.Children are almost universally better off with support from both parents. Unfortunately, the reality most kids face is much different. There are family situations in which one parent is frequently on the move, or in some cases intentionally remaining difficult to find. This can have a big impact on things like child support.

Under Pennsylvania law, however, children of separated or divorced parents are expected to receive the same proportion of parental income as if their parents were still together. So if you don’t know where your child’s other parent is living, can anything be done?

Locating a non-custodial parent

There are tools to find non-custodial parents – even if they move around frequently and refuse to provide new contact information. In Pennsylvania, this process first goes through the Domestic Relations Section (DRS).

The DRS will ask for as much information as you have, such as the individual’s:

  • Full name
  • Date of birth
  • Social Security number
  • Phone number
  • Current or previous employer
  • Any other information that could be used to conduct the search

If more help is needed, the DRS can refer the case to the Parent Locator System. This system uses local, state and federal resources (such as databases) to try to find a non-custodial parent.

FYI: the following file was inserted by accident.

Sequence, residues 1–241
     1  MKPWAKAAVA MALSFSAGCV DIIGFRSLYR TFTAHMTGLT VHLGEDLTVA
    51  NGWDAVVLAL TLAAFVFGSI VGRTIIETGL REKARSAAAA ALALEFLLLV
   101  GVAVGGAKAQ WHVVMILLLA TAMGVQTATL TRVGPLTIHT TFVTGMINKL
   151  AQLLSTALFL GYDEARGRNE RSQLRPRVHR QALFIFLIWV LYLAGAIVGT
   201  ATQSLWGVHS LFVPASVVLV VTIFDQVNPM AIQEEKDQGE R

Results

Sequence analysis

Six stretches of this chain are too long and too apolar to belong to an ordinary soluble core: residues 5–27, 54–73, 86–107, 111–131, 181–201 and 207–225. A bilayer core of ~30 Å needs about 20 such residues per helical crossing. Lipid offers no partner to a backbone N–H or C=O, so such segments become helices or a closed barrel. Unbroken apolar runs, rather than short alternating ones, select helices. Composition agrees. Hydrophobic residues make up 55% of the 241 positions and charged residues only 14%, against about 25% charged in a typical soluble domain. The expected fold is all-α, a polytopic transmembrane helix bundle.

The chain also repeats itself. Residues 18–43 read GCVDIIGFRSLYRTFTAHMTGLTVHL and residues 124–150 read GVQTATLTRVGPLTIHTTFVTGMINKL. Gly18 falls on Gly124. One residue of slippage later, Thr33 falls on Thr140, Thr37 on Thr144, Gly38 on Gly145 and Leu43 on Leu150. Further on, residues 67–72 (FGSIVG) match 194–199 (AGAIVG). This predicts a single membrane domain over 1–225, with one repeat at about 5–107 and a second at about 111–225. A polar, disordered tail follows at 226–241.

What happens next?

If this search locates the non-custodial parent, then there are two potential next steps. If the non-custodial parent is the father, then establishing paternity is the priority. If the mother is the non-custodial parent, then the goal is to set up a child support conference.

What if the non-custodial parent cannot be found? There are a couple of deadlines to keep in mind.

If DRS searches for a year and can’t locate the non-custodial parent, and they do not have a valid Social Security number for that individual, it can choose to close the case. Similarly, even if DRS has that piece of information, it can close the case after three years if the non-custodial parent has not been found.

The goal of child support is not to punish one parent over another. Rather, it is to create a system that prioritizes the well-being of the child while still being fair to everyone involved. This is the case whether a parent remains settled in one location or opts to move around.